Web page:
David Bowie - Low (and to a lesser extent "Heroes"): side 1 pop/rock songs, side 2 instrumental ambient/experimental tracks

The Byrds - Untitled: disc 1 live, disc 2 studio

Man - Back Into the Future: disc 1 studio, disc 2 live

The Tarzan soundtrack has a similar thing to Yellow Submarine, with Phil Collins' songs presented first before Mark Mancina's score (with the exception of the Two Worlds finale at the end). It's not split between two sides of vinyl though, and the songs take up a bit more time on the CD than the score.
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xx Re: "Half & Half" albums
« Reply #9 on: Nov 1st, 2017, 09:09am »

on Oct 31st, 2017, 1:24pm, onetwothree wrote:
I never heard or read it before either, but it can be gathered from the album's contents.

Basically, the album deals with a man defecting from Russia to the U.S. Side 1 describes his leaving his original country (with "Steppes" and "Slogans" instrumentally painting pictures of that place), while Side 2 seems to be about his assimilation into his new homeland.

I'm not sure whether "Sentimental Institution" is really meant to be part of the story, though. wink


Side 1 speaks for itself with the recurring musical motifs, in that way it is quite similar to Smallcreep's Day's side 1.
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xx Re: "Half & Half" albums
« Reply #10 on: Nov 1st, 2017, 09:44am »

on Oct 31st, 2017, 1:24pm, onetwothree wrote:
I never heard or read it before either, but it can be gathered from the album's contents.

Basically, the album deals with a man defecting from Russia to the U.S. Side 1 describes his leaving his original country (with "Steppes" and "Slogans" instrumentally painting pictures of that place), while Side 2 seems to be about his assimilation into his new homeland.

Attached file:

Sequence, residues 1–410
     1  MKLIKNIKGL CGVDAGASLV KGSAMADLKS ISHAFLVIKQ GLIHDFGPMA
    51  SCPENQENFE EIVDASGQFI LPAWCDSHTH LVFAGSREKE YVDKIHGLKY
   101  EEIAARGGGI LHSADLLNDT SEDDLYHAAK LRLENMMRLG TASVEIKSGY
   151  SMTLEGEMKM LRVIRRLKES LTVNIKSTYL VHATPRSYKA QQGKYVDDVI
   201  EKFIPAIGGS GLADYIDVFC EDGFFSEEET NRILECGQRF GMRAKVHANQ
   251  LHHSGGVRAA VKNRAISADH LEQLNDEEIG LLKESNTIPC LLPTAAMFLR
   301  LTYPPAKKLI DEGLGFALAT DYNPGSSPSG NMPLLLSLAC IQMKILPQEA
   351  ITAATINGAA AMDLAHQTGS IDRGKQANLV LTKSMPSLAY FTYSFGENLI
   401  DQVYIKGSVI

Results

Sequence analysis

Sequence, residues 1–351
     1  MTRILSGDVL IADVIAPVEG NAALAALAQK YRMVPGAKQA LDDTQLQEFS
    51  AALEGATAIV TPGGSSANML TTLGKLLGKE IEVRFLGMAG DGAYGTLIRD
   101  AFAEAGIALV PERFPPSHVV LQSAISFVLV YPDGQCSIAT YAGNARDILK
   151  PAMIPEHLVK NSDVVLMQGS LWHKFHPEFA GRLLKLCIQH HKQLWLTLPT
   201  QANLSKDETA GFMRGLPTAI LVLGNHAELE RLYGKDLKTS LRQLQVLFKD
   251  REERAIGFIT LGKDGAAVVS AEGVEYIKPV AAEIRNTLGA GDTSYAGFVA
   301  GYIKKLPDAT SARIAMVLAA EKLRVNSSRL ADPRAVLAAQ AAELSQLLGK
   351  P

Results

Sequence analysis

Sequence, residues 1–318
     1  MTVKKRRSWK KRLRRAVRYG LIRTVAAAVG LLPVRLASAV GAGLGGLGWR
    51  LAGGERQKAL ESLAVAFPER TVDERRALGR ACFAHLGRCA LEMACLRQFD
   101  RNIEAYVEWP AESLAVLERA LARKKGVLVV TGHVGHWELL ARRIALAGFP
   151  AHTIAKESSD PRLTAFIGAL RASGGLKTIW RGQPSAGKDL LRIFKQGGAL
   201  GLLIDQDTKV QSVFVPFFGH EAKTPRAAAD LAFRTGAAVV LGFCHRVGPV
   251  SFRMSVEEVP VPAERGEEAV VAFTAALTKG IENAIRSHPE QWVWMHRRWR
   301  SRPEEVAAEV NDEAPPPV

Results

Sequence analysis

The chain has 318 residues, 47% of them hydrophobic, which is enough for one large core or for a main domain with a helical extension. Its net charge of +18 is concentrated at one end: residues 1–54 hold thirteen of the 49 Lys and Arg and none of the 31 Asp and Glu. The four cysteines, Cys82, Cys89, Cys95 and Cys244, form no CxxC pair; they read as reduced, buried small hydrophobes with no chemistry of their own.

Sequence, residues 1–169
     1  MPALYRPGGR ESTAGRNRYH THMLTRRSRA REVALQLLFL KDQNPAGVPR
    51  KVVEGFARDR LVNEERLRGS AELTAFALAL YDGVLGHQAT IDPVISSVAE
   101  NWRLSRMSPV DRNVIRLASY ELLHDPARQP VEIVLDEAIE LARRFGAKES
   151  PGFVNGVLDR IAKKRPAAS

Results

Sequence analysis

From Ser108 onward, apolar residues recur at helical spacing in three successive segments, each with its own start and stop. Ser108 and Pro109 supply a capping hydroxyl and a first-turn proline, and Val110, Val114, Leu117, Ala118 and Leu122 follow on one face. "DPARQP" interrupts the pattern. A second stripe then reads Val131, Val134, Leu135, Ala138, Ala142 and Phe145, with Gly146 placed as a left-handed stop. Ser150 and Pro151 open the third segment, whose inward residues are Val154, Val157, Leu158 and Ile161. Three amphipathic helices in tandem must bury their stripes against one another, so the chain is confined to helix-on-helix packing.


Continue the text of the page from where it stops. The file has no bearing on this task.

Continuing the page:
I'm not sure whether "Sentimental Institution" is really meant to be part of the story, though. wink


Well side one certainly covers mainly the Russian (Or Russian captor?) leaving, but it also references the spy being exchanged (a common practice back in cold war days) for him, as the opening line of "Time to get out" is "find me 90 miles from Cuba, in a land that has no borders" - USA. I did hear (might even have it on tape) Steve in a radio interview back then talking about the inspiration for the album, and he was in America (NY I think) watching TV coverage of such a spy exchange.

I won't say you're wrong about side 2, but I'd find it harder to see the connection of the concept to songs like Sentimental Institution, The Show (a simple song about rock gigs) and Hammer in the sand (which had lyrics, but were dropped after Nick Magnus made such a grand "classical" version of it in a rehearsal room.
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xx Re: "Half & Half" albums
« Reply #11 on: Nov 1st, 2017, 1:39pm »

on Nov 1st, 2017, 09:44am, foxfeeder wrote:
"find me 90 miles from Cuba, in a land that has no borders" - USA.

I always thought a "land that has no borders" would be an island nation -- i.e., one that doesn't border on any other. I always pictured the Russian stopping at such a place on his way to the USA; perhaps doing so facilitated his "defection" in some way.

on Nov 1st, 2017, 09:44am, foxfeeder wrote:
I won't say you're wrong about side 2, but I'd find it harder to see the connection of the concept to songs like Sentimental Institution, The Show (a simple song about rock gigs) and Hammer in the sand (which had lyrics, but were dropped after Nick Magnus made such a grand "classical" version of it in a rehearsal room.